Watch CBS News

Pa. Liquor Control Board raises prices by 4% on all forms of alcohol

Pa. Liquor Control Board raises prices by 4% on all forms of alcohol
Pa. Liquor Control Board raises prices by 4% on all forms of alcohol 02:28

PITTSBURGH (KDKA) - Liquor prices have gone up.

The price change went into effect on Sunday, after the decision was made by the Pennsylvania Liquor Control Board last year.

If you were shopping for some wine or liquor Sunday, you may have gotten a little bit of sticker shock at your local store. Prices for many products have gone up and the reason for that, the state said, is inflation.

On Sunday, the Pennsylvania Liquor Control Board raised prices by 4% on all forms of alcohol, for not only bars and restaurants but at your local state-run liquor stores.

Depending on the price of the liquor you purchase, the fee hike could range anywhere from 50 cents for a bottle, to several dollars for your favorite adult beverage.

The Pennsylvania Liquor Control Board said that this is the first time its raising prices across the board since 2019, and they said the increase is due to record-high inflation and to help offset operating costs, which have been increasing over the last four years.

Mark Kelly of the LCB, said that a 4% hike is fair.

"Right now, 4% is the right amount. Our team took a very long time to look at what four percent means for our bottom line and what it means for our customers. We did not undertake this lightly," Kelly added.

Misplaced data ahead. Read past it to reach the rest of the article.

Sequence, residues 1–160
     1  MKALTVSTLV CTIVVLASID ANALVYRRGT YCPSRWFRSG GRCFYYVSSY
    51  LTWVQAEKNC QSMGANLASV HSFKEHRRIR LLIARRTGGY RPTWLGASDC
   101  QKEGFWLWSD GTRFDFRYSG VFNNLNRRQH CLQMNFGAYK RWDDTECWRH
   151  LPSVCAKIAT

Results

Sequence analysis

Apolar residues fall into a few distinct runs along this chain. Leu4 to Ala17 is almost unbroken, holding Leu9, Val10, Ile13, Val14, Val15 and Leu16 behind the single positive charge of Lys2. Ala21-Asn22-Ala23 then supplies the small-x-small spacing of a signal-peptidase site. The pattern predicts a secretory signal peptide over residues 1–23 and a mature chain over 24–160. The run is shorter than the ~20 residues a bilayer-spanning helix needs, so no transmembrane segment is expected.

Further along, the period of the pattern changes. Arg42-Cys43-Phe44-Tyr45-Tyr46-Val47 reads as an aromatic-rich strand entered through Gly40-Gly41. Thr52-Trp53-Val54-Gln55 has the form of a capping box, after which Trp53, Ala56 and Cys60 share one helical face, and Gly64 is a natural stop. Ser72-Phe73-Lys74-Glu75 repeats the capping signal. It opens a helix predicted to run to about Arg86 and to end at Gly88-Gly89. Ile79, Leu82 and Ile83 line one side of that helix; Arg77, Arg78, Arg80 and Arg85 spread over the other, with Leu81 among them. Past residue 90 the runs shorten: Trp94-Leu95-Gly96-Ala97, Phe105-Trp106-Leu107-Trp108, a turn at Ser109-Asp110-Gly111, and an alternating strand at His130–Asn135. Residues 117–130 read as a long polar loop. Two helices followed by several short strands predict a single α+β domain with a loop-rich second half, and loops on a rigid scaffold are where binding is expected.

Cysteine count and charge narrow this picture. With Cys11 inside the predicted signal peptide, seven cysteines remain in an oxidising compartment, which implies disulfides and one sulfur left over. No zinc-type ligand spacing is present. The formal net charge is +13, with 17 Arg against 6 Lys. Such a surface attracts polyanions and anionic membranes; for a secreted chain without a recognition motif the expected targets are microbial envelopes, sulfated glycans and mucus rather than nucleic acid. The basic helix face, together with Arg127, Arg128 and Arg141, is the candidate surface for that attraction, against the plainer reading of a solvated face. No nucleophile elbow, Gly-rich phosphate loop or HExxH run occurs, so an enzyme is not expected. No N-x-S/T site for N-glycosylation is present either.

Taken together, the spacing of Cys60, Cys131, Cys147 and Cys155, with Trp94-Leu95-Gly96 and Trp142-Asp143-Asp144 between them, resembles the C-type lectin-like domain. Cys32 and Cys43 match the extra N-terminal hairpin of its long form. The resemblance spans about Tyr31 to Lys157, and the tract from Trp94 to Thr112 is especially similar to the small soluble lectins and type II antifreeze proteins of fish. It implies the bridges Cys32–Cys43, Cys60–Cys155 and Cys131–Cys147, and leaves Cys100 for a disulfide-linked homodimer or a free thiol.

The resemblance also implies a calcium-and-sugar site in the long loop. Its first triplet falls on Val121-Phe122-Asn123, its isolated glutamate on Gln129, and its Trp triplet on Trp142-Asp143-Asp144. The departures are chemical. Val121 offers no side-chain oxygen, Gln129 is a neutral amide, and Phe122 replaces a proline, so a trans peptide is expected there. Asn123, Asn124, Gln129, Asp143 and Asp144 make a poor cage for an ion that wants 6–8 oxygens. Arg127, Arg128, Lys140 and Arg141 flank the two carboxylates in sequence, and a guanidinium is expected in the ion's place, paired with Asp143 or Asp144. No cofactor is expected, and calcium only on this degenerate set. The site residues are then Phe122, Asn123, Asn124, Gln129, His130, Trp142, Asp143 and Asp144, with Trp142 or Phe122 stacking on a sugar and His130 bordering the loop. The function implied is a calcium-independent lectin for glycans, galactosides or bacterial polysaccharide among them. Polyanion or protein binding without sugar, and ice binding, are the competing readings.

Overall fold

But some lawmakers are critical, like State Sen. Mike Regan.

Regan (R) chairs the Senate committee responsible for the Liquor Control Board. He said the liquor monopoly in this state is what allows for such a large-scale price hike.

"If this was a private business, the raising of prices would probably be the last thing they would do. The first thing they would do is try to cut their costs. They would look at how they're staffed," Sen. Regan said.

Sixteen other states control the sale of distilled spirits and in some cases, wine and beer. And in many of these states, control boards were established just after the repeal of prohibition in the 1930s. Here in Pennsylvania, the agency is governed by a three-member board, whose members are appointed by the Governor and confirmed by two-thirds of the State Senate.

To get rid of state-run liquor sales, there would need to be a constitutional amendment passed by both the State Senate and House, and then it would have to go before voters as a ballot question.

An amendment doesn't seem likely and at this moment in time, little can be done about the spike in prices.

View CBS News In
CBS News App Open
Chrome Safari Continue
Be the first to know
Get browser notifications for breaking news, live events, and exclusive reporting.